I will say — it’s always a little disappointing when we have two strong female characters and they’re fighting over a guy. As usual. But at least these two women aren’t really hoping to get the guy for keeps. Juliette uses sex as a weapon in her arsenal, and Rayna is trying very hard to keep that particular item out of play.
The current battle between Rayna and Juliette over Deacon goes to Rayna at the Bluebird Cafe, when Deacon invites Rayna and not Juliette to duet with him on stage. Too bad the song, which features both of them warbling, “no one will ever love you like I do,” is a little too raw for both of them. In the end, Juliette may not tear them apart, but there’s a decent chance their own troubled past could be much more dangerous.
The B and C plots for the episode are more of a mixed bag than the reliable Rayna-Juliette battle. Scarlett (Clare Bowen) and Gunnar (Sam Palladio) are told by Waddy White he’ll record their demo, which is sort of like being called up to pitch a game in the big leagues. When Scarlett hems and haws because she doesn’t want her beloved boyfriend Avery (Jonathan Jackson) to be jealous, it’s the kind of infuriating plot that drives the worst kind of romcom. Ultimately, Gunnar manages to get Scarlett to do the right thing (commit to recording the demo), so thankfully this isn’t dragged out for more than an episode.
The battle between Coleman Carlisle (Robert Wisdom) and Lamar Wyatt (Powers Boothe) is more promising. Not only is it great fun to watch these powerful men calmly but firmly declare war on one another, but I’m pretty sure Coleman isn’t going to sit back quietly as Lamar supports Teddy’s campaign opposite him. Rayna is torn between loyalty to Coleman (who is running for mayor) and Teddy (who just threw his hat in the ring), and Lamar can’t wait to put Coleman in his place, even if the battle costs Rayna either a friendship or a marriage. It’s touching when Rayna admits to Teddy she isn’t entirely behind his running for mayor, but she is down with him being happy again. There’s apparently a dark secret in Teddy’s handling of a previous job that led to him losing money and other people going bankrupt, and it’s pretty clear this will come back to bite him. It’s hard not to feel a little bad for Teddy. A man with a child’s name, he seems unaware of exactly how ugly the viper’s den of local politics is, or how he’s being played. I’m hoping that he surprises Lamar and Coleman, but I’m not counting on it.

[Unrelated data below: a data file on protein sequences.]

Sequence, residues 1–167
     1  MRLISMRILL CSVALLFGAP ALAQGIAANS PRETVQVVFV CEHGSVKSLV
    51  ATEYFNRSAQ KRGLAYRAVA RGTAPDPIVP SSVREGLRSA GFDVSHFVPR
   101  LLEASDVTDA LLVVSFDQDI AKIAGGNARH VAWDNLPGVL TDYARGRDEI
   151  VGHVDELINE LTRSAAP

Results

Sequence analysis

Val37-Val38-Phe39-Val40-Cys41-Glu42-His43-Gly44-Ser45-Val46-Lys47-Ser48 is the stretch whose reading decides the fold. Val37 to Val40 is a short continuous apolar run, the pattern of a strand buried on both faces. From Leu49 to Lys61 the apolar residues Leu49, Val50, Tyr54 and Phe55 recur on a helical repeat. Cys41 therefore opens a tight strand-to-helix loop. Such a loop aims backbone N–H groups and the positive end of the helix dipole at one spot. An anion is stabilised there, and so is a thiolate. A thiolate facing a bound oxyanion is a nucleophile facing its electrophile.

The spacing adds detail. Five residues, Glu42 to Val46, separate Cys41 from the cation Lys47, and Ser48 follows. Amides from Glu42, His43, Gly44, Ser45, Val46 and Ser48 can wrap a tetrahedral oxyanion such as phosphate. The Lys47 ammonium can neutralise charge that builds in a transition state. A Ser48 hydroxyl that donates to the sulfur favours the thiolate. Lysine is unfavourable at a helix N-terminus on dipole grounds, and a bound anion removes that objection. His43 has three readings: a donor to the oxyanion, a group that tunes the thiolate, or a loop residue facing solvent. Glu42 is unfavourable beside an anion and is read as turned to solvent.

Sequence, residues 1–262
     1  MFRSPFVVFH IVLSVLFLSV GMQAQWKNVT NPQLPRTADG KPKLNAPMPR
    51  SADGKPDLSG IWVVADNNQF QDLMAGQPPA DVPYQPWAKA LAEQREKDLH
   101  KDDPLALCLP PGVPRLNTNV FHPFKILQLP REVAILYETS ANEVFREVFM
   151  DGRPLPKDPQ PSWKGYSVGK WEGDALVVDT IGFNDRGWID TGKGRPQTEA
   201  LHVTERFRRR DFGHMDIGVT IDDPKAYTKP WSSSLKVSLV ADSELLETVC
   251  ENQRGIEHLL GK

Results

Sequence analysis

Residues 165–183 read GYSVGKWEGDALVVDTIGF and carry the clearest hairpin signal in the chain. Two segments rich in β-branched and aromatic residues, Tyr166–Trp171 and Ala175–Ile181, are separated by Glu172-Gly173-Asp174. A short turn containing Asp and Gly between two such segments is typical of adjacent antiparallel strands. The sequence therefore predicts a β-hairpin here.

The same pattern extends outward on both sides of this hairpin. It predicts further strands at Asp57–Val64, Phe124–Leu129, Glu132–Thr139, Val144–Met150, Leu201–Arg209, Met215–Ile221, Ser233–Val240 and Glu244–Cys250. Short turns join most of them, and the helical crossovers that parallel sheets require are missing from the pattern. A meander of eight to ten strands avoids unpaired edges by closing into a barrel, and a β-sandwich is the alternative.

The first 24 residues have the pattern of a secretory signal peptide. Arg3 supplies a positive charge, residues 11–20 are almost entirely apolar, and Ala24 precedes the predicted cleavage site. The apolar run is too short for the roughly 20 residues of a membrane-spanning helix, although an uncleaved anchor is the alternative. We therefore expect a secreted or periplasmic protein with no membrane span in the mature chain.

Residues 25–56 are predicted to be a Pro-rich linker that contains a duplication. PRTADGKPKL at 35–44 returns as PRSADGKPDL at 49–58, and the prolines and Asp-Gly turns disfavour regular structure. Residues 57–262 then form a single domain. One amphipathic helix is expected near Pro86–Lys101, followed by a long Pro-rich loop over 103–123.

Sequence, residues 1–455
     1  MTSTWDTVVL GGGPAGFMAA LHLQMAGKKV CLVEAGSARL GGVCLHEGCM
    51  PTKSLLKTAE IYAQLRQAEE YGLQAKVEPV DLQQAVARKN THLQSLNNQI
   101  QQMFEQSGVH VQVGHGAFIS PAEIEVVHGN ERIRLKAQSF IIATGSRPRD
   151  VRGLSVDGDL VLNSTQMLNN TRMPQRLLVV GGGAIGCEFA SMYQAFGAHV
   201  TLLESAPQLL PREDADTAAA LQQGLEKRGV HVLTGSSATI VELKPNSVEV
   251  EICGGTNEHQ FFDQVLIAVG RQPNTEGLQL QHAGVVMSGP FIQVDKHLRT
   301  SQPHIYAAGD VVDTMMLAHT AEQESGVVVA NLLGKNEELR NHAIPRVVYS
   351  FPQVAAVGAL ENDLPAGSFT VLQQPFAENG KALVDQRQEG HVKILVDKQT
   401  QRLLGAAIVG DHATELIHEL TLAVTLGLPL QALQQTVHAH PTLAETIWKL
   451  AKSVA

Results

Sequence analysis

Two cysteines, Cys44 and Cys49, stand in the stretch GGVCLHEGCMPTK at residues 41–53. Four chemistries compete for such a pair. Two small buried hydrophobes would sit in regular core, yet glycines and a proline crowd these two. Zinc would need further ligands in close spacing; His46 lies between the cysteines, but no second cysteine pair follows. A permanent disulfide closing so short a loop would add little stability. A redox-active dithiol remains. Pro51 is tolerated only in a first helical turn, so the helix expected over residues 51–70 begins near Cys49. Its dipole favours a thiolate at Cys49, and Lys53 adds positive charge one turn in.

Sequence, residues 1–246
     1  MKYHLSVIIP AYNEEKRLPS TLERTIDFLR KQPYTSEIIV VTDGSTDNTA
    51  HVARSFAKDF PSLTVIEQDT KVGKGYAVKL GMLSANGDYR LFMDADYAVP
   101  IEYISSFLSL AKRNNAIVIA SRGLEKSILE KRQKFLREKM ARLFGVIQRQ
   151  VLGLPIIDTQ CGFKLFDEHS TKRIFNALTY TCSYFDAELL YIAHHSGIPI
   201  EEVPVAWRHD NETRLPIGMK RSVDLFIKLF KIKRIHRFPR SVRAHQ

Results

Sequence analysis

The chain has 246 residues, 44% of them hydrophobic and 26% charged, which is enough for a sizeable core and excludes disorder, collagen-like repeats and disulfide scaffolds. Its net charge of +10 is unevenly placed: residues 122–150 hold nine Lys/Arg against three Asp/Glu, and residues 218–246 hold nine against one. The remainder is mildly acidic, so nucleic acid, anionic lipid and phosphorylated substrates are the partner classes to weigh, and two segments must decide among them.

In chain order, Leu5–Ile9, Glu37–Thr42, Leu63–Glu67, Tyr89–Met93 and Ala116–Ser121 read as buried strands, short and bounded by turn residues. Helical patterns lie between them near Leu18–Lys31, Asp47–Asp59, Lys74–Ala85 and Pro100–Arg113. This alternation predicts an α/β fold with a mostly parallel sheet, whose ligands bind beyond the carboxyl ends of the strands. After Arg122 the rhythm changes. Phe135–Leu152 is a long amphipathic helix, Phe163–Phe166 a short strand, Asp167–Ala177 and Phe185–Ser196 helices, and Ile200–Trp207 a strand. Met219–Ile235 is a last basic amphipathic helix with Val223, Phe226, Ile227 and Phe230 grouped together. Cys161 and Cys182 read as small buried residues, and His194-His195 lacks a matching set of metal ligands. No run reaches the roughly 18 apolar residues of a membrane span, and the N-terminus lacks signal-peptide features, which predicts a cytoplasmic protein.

Rayna doesn’t seem to be much smarter than her husband about power plays, and even though Deacon is loyal to her, she lets Juliette’s machinations get under her skin too easily. When a political wife sincerely asks her if her new album is available at Starbucks, it’s a funny moment but hopefully a little more of a wake-up call to Rayna. Country-pop is the new game in town, and her ticket to viability in an old school, low-fi niche hangs on Deacon (and is, ironically, what Juliette really wants to be doing). She’ll survive, of course, but I hope she doesn’t continue to play so fast and loose with the loyalty of a man who’s free to do as he pleases.
What do you think of Juliette? Do you think Teddy knows what he’s doing? And what did you think of Scarlett’s decision?